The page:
At Home in Nature

  (Agate, Colorado)
TwoInTents Blog
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Penning animals

Keeping your animals (or someone else’s) on the correct side of the fence can be quite a challenge.  Some kinds of animals are easier to fence in (or out), and some are very difficult.  Within a species, some individuals are more determined to escape and some are quite content to stay at home.  Keeping them fenced may require some effort and, for difficult critters, some thought.

Take these cows, for example.  Right now, they are only about a month old, fairly small and not very strong.  They have grass enough, but the grass is always greener on the other side of the fence.  Without precaution, they might slip through an opening or loose wire in a fence, or when they are older they may break a fence.  Cows don’t mind much about barbed wires, and will push them just them same as smooth wire.  Our solution? Tires in combination with barbed wire (we would have used regular smooth wire, but wanted to be using a “legal” fence according to state law, so that we would not be so liable if they get out).  Why?  They could push over the tires, or they could push through the wire.  With both, however, they can’t push hard on the tires because they have some fence in the way.  And they can’t push through the fence because there are tires on the other side.  Additionally, the tires prevent the cows from trying to reach through the fence to the grass on the other side: they can hardly see the grass, much less reach it.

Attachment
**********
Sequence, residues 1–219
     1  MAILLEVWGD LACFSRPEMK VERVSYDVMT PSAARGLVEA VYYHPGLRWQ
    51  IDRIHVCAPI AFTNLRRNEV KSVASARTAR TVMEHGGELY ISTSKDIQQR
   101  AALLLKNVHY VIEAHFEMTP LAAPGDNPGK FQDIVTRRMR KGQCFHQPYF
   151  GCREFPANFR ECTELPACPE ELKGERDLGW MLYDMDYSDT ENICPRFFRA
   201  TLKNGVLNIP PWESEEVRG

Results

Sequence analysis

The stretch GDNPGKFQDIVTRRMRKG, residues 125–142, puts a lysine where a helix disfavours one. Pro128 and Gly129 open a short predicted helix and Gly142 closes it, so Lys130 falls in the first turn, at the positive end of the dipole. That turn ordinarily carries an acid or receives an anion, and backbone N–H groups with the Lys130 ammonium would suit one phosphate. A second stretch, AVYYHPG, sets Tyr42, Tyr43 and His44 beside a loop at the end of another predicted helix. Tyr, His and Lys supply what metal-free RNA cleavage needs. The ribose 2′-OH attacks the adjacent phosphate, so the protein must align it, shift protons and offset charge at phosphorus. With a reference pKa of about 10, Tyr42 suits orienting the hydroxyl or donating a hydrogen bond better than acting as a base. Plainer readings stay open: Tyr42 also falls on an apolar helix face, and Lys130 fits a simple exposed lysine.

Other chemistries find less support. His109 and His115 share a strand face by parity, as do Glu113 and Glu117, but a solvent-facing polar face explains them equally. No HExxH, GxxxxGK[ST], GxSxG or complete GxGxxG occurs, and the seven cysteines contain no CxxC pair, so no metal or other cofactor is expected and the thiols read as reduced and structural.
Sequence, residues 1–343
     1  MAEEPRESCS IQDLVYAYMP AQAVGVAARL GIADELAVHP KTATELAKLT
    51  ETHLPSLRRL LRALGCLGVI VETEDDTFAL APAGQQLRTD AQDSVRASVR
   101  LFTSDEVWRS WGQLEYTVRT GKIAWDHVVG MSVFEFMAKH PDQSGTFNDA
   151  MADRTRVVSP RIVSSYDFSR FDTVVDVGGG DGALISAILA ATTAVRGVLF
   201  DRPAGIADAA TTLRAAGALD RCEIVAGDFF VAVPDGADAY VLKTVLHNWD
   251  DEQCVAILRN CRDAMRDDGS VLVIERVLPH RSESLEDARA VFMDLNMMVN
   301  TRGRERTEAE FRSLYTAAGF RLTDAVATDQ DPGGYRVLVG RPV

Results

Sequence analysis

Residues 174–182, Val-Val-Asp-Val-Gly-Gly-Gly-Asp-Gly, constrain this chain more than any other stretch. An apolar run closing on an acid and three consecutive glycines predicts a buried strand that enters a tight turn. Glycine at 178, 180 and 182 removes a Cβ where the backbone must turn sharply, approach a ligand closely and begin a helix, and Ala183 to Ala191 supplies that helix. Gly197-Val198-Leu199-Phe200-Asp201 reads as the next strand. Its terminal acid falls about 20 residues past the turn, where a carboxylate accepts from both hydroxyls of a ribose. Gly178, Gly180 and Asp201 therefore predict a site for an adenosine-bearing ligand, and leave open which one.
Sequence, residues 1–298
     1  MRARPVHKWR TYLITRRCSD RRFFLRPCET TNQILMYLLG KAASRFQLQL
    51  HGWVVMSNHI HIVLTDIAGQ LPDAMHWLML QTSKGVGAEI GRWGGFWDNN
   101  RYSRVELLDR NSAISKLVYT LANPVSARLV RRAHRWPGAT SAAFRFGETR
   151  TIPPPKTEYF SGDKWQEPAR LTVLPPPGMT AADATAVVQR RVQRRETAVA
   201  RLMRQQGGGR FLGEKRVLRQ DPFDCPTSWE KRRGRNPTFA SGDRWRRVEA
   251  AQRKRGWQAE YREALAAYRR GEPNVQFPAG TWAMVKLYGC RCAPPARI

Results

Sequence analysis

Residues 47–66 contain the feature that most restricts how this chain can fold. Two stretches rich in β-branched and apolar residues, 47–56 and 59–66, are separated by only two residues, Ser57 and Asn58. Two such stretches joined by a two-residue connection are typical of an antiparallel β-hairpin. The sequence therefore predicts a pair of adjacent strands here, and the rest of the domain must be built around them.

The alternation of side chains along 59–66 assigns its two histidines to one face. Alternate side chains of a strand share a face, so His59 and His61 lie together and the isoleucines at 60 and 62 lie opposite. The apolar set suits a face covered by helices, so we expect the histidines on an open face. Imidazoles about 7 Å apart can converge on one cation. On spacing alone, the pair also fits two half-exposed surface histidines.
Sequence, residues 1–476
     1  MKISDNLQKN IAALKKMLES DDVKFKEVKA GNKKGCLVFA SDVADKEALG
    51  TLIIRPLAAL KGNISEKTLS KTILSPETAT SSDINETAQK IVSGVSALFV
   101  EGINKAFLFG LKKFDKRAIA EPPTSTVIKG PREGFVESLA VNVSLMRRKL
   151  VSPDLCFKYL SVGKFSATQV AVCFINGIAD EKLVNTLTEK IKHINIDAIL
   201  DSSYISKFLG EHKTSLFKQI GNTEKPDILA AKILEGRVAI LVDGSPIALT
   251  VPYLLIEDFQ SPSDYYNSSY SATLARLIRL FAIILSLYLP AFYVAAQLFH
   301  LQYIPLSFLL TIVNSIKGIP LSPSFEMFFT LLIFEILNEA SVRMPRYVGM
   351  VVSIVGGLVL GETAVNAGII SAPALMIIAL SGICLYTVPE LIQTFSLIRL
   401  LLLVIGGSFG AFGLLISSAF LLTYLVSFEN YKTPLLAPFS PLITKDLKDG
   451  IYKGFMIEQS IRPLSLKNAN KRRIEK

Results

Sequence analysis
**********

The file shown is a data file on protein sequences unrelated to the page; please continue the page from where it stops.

We have a similar fence for our goats, but instead of barbed wire we use strong mesh fence.  The goats are better at climbing the tires, even with wire in the way, and are small enough to climb through and around the wire and tires (as are sheep).  A good mesh fence that is tightly strung is hard for them to climb, and tires on the other side prevents them from bending the wire out of shape or pushing their way out from underneath the wire fence.  With horses we make a fence similar to the goats, or string lines of wire like with the cows but not barbed: barbed wire should never be used around horses.

In addition to the benefit of helping to keep your animals in their fence, tires are also good for providing a windbreak and shade.

 
 

Sheds can be made from tires too

When building a shed, it sometimes helps to have wood on hand.  But not all sheds are made out of wood!  Some sheds may be made out of old tires laid on their sides and filled with compressed dirt, stacked up like large round bricks! 

A soil compacter is necessary for this kind of construction: simply filling the tires won’t do.  You must pound it in until the soil is hard as rock!  Then, the tires actually are pressed together and the soil acts like a kind of mortar.

Tires are largely non-toxic, but not good for growing in.  The plant roots will touch the tires and eat them, giving you poison.  But unless you are eating the tires, you will not likely be poisoned by a shed made of them.  They make good animal pens for the same reason!  They leach almost nothing into the ground if stacked above it and the leaching when buried does not go very far. 

Consider the other materials you can use to build a shed and you’ll find wood is only the beginning!

 
 
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